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J Antimicrob Chemother. 1999 Apr;43(4):459-65.

A review of the role of antibiotic policies in the control of antibiotic resistance.

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Department of Medical Microbiology, Royal Infirmary, Aberdeen, UK.


The optimal antibiotic control measures remain to be described and probably vary between institutions. Nevertheless, various control measures have been shown to be useful in reducing costs of therapy and total amounts of prescribing, while maintaining quality of care. More recently, interest has turned to whether antibiotic policies can reduce the spread of resistance and even reverse current high levels. Early studies indicated this was feasible, but mathematical models and the recent discovery of the role of transposons and integrons in multi-drug resistance have both cast doubt on likely future success in this area. Nevertheless, there have been some major successes in recent studies, both in the community and hospital. While cross-infection is a major impediment to control of resistance, there is little doubt that careful antibiotic prescribing can curtail the emergence and reduce the prevalence of resistance.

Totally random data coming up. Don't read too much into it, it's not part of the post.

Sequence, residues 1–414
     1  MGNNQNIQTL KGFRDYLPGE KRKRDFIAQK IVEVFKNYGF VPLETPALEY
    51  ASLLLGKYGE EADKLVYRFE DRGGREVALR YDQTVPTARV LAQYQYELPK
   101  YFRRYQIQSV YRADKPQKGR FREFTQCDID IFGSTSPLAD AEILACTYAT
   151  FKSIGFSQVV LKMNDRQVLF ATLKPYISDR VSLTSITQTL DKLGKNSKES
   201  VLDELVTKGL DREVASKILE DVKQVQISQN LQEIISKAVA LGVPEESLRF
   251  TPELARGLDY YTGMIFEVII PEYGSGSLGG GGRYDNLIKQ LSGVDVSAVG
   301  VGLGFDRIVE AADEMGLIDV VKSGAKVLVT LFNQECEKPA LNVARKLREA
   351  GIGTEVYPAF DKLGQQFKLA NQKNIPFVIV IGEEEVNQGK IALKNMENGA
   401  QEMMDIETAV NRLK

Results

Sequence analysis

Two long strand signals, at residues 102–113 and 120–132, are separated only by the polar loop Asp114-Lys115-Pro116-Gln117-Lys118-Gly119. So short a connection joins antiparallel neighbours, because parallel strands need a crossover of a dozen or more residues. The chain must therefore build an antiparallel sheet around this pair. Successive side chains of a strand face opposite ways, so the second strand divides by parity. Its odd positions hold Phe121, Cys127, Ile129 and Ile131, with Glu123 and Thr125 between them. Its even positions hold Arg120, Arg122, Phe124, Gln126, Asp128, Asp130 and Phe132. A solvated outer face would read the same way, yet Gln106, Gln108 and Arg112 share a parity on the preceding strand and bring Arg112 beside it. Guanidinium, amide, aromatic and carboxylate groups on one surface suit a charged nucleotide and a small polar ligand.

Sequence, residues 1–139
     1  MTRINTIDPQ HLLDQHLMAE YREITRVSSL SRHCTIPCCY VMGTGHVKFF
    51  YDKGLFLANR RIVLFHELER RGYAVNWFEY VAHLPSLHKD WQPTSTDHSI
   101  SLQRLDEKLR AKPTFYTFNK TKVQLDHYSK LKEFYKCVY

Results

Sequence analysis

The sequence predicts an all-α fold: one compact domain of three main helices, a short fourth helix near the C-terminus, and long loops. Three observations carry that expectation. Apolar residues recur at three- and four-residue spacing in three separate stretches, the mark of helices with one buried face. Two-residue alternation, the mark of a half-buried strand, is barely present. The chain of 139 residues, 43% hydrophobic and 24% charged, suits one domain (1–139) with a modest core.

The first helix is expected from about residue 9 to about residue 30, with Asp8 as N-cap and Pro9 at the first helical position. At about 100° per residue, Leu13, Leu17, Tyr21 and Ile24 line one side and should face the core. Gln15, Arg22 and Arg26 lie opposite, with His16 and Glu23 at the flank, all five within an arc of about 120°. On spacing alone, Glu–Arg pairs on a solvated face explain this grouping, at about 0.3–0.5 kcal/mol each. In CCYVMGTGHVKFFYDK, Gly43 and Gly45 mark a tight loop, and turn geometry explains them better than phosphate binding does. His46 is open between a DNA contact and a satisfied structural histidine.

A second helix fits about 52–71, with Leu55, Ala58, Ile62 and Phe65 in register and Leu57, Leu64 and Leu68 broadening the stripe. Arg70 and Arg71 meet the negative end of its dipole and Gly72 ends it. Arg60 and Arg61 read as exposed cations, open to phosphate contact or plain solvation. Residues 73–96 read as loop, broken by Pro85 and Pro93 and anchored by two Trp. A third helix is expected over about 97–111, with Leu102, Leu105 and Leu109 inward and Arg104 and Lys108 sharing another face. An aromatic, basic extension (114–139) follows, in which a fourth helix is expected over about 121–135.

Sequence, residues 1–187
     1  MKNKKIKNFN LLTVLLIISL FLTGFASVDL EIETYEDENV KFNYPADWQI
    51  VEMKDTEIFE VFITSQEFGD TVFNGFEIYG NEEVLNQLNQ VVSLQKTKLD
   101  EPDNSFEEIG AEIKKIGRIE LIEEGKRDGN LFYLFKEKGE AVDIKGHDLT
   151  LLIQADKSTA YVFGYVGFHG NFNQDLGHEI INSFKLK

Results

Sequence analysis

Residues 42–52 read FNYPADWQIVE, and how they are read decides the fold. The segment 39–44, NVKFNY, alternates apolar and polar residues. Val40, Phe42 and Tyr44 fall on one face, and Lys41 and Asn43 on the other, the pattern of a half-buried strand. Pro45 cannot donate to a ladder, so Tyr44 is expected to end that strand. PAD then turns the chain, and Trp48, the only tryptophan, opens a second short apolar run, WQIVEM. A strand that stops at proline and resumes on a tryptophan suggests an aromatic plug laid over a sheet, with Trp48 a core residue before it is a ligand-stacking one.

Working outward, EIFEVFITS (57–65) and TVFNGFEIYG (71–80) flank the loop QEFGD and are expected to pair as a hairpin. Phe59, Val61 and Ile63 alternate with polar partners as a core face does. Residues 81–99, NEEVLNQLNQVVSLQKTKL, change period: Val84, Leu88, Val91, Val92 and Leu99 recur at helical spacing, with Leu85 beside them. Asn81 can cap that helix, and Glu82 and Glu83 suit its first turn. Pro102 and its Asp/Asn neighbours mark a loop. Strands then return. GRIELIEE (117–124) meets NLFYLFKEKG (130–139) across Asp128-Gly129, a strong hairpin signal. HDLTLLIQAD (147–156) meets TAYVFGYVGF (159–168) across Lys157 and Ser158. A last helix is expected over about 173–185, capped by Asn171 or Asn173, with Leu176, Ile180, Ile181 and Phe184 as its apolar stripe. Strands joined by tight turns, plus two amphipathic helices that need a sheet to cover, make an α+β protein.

[Indexed for MEDLINE]

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